I recently came across a column in The New York Times by Viet Thanh Nguyen, author of the excellent Vietnam War-era novel, “The Sympathizer,” which was published in 2016, and which I wrote about in an earlier book blog. In the column, Nguyen relates the story of a book he read in his younger years that deeply offended and enraged him because of its depiction of Vietnamese people.
The book was a 1974 novel by Larry Heinemann called “Close Quarters.” Here is Nguyen’s take:
“Mr. Heinemann, a combat veteran of the war in Vietnam, wrote about a nice, average American man who goes to war and becomes a remorseless killer. In the book’s climax, the protagonist and other nice, average American soldiers gang-rape a Vietnamese prostitute they call Claymore Face…As a Vietnamese American teenager, it was horrifying for me to realize that this was how some Americans saw Vietnamese people — and therefore me. I returned the book to the library, hating both it and Mr. Heinemann.”
If you want to read the whole column, here’s the link. The abbreviated version is that Nguyen eventually came to understand that Heinemann’s novel had more layers and subtlety than Nguyen’s young mind could sort out, and he eventually came to appreciate it. What he didn’t do was start a movement to have it pulled from library shelves or otherwise banned. As Nguyen wrote:
“Those who seek to ban books are wrong no matter how dangerous books can be. Books are inseparable from ideas, and this is really what is at stake: the struggle over what a child, a reader and a society are allowed to think, to know and to question.”
This issue – restricting which books should be accessible to the public – has become the focus of heated debate recently, especially in the U.S. To wit:
- Last year, the Dr. Suess Foundation voluntarily recalled six of the author’s early books because they contained offensive racial stereotypes.
- A Tennessee school board voted to ban “Maus,” a Pulitzer Prize-winning graphic novel about the Holocaust.
- A mayor in Mississippi is withholding $110,000 in funding from his city’s library until it removes books depicting LGBTQ people.
- An NBC News investigation found that during the first four months of this school year, parents and community members across 100 Texas school districts made 75 formal requests to ban books from libraries, up from just one request during the same period in 2020.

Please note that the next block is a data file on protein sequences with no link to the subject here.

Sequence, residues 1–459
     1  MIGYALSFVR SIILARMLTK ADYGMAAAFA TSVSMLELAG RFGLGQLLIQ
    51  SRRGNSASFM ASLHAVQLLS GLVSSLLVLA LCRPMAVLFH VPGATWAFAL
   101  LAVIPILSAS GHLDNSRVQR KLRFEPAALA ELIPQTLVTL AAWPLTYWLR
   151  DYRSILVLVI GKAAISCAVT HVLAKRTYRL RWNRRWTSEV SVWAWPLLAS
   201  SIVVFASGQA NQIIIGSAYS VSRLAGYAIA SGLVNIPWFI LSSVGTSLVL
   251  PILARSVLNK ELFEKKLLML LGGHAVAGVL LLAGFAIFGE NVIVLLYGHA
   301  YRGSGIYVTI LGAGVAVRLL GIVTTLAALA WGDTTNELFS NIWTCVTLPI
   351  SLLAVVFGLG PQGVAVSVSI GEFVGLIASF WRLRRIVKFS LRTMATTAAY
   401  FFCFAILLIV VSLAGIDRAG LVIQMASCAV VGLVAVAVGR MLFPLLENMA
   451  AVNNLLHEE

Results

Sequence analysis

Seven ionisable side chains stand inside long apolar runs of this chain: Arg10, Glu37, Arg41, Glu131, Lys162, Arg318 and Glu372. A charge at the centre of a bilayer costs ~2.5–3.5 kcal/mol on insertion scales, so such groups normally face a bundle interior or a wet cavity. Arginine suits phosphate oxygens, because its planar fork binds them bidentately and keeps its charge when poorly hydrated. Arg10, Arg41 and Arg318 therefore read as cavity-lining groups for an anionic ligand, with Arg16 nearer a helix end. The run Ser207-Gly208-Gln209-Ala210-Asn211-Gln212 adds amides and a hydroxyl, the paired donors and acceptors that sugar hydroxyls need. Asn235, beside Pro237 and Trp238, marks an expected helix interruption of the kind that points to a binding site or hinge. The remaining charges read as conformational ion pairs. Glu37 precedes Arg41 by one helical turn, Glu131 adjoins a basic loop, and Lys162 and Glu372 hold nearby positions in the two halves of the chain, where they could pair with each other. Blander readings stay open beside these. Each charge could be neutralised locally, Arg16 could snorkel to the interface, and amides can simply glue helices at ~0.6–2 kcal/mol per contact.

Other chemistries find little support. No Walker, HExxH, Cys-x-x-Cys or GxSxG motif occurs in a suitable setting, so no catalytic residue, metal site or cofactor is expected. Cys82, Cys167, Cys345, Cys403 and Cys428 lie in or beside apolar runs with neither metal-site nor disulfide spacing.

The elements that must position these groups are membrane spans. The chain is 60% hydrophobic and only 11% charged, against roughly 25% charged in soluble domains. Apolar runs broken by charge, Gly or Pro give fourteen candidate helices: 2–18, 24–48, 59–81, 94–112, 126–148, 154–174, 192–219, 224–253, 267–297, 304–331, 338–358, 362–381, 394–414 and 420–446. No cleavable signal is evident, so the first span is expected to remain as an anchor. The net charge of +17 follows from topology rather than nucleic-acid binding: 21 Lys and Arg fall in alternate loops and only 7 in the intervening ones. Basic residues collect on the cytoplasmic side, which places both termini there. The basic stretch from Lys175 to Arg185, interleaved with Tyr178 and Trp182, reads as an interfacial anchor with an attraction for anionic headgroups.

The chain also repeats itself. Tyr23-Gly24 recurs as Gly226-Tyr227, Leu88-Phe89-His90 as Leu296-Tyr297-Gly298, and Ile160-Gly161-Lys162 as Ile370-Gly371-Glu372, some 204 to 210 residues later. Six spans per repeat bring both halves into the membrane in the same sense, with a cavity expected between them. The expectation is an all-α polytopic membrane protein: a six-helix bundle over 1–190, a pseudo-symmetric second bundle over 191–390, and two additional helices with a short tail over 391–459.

Many of the books being targeted are about race, gender and sexuality, including Jonathan Evison’s “Lawn Boy” and Toni Morrison’s “The Bluest Eye.”
Politics plays a part in this – from both sides of the aisle. Voices on the left and right have launched campaigns to restrict, ban, or cancel books that are deemed offensive to certain demographic groups. This is not a new trend. Campaigns to ban books have been around for centuries. But it has gained considerable speed in the age of social media and digital communication, when everybody seems to have an ax to grind about something.
I’m not here to debate book banning, cancel culture or censorship. Do a Google search on any of those topics and you’ll get a few billion results. There are plenty of other places for that.
My main interest is how the dynamic affects the way authors should approach writing fiction (non-fiction is a different blog for another day). It’s become a tricky business, writing fiction in a way that doesn’t run afoul of the ever-changing rules governing cultural sensitivities and offensive content.
Sometimes the mere act of writing a novel can cause blowback, depending on who’s doing the writing. A whole movement has been built around the sin of cultural appropriation, the need to “stay in your lane” – e.g., only writing stories and characters that you have personal experience with. So that a middle-aged heterosexual Caucasian man should not write a novel about a young gay African woman, because he can’t possibly understand what it’s like to be a young gay African woman.
The problem with that attitude is that it misses the whole point of fiction, which is that it’s a make-believe world that exists only in the writer’s head, even if much of it is based on real people and experiences. Without the ability to create a world you’ve never seen firsthand, or to develop characters you have nothing in common with, then fiction is essentially just a memoir pretending to be something else. You end up with similar characters thinking similar thoughts in similar places, forcing the writer to create drama out of the most mundane things. It can and has been done, and effectively. But it also greatly diminishes the pool of ideas that make for great fiction.
For fiction to be effective, it needs to build tension, develop some sense of yin and yang, of forces pulling against each other. It needs diverse points-of view and a story arc that summons up a range of emotions while pushing the narrative forward. At some point it needs to create a visceral reaction in the reader for the reader to keep turning the pages. I’m not sure it’s possible to do all that without offending someone, unless it’s a kiddie story about a little girl and her cute puppy named Biscuit.